LG Chem and GM have announced a binding agreement to supply cathode active material (CAM), a key battery material consisting of treated nickel, lithium and other materials that accounts for about 40% of the cost of a battery cell.
LG Chem plans to supply more than 950,000 tons of CAM to GM from 2022 to 2030, enough to produce approximately 5 million electric vehicles. CAM will be used Ultium cells, a joint venture between GM and LG Energy Solutions, at battery cell plants in Warren, Ohio; Spring Hill, Tennessee; and Lansing, Michigan.
GM and LG Chem are also exploring the possibility of localizing a CAM production facility in North America by the end of 2025.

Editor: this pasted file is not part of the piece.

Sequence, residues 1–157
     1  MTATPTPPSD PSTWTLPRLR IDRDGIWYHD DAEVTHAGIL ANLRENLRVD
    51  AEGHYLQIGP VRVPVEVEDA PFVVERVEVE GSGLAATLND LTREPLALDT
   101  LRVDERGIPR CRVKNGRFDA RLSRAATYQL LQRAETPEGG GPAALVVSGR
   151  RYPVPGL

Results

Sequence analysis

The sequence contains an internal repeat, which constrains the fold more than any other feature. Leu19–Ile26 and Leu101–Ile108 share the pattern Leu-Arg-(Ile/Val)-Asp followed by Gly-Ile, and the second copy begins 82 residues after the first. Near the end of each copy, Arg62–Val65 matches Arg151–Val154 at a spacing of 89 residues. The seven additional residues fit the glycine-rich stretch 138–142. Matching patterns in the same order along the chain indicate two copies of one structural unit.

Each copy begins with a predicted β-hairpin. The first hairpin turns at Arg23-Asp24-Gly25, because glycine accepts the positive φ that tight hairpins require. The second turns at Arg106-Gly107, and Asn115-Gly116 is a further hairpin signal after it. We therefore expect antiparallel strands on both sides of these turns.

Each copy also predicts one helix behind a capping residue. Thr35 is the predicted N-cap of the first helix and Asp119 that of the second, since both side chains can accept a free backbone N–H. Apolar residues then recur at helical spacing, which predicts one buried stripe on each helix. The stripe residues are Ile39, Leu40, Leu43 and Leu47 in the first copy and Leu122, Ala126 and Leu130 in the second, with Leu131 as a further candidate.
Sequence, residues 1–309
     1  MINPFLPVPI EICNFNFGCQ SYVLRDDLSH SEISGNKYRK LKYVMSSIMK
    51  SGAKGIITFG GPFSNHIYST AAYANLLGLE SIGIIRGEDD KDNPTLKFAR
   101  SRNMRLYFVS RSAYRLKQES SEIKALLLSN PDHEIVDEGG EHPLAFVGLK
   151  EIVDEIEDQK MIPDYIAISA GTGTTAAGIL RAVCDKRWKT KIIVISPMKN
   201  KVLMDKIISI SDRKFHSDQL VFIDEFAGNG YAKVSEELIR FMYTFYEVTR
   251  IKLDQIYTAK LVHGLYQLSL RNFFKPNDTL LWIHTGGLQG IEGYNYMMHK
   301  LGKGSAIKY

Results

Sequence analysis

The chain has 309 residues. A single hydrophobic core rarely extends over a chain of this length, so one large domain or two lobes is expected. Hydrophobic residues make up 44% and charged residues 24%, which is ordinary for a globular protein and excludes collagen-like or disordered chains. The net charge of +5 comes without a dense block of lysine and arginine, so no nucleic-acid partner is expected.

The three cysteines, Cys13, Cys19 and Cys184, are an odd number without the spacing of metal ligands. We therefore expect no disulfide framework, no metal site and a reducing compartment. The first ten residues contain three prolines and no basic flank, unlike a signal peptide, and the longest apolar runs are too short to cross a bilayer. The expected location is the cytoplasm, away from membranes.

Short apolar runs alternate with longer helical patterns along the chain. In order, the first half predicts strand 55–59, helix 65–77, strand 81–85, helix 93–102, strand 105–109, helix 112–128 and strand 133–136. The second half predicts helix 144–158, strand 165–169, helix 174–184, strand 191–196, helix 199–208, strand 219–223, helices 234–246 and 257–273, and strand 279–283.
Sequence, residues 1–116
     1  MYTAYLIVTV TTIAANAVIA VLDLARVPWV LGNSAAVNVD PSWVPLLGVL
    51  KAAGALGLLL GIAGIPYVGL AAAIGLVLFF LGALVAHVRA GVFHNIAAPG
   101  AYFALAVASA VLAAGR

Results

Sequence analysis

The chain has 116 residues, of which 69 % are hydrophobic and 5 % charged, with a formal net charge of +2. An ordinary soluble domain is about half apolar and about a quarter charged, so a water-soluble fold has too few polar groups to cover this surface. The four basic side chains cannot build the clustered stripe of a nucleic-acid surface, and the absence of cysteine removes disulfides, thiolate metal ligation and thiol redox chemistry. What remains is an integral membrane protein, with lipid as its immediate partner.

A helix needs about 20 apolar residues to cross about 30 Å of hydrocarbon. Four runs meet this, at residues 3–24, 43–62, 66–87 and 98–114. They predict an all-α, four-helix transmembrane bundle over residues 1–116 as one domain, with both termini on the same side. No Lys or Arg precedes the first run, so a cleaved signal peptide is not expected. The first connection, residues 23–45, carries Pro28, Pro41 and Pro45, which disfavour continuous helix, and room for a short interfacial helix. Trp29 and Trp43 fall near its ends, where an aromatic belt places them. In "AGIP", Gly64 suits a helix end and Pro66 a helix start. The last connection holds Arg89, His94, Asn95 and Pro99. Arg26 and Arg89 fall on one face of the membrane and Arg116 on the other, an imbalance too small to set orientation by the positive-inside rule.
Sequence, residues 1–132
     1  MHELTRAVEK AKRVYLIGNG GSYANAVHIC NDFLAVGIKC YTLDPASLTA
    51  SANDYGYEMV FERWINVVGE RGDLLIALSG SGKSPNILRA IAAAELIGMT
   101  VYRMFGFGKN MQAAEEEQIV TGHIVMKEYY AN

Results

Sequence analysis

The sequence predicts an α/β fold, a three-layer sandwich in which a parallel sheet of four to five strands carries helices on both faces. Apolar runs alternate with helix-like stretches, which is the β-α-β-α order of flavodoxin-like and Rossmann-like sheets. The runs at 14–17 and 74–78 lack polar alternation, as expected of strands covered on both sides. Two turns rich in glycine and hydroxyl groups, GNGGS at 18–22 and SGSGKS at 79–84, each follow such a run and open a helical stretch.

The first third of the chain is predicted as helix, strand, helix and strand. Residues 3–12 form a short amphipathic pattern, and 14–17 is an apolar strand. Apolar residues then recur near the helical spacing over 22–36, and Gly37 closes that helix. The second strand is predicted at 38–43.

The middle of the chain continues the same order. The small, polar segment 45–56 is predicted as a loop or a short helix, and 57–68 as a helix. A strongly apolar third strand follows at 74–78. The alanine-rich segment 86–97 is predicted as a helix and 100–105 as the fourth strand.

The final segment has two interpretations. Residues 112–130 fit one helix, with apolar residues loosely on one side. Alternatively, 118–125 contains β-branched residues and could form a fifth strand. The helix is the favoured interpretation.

The cathode materials that LG Chem plans to supply are NCMA (nickel, cobalt, manganese and aluminum) materials, which LG Chem describes as “a product that combines LG Chem’s best material technologies and is characterized by its excellent stability and yield.” In the latest formulation, aluminum has been added to strengthen stability while reducing the amount of cobalt used by 70% compared to the previous generation of GM batteries.
“This agreement builds on GM’s commitment to building a strong, sustainable supply chain for battery raw materials to support our rapidly growing electric vehicle production needs,” said Jeff Morrison, GM’s vice president of global procurement and supply chain. “Over the past decade, LG Chem has demonstrated the technical expertise, high quality and mass production capabilities of cathode active materials. GM now has contractual commitments with strategic partners across all battery feedstocks to support our goal of 1 million units of EV capacity by the end of 2025.”
Source: LG Chem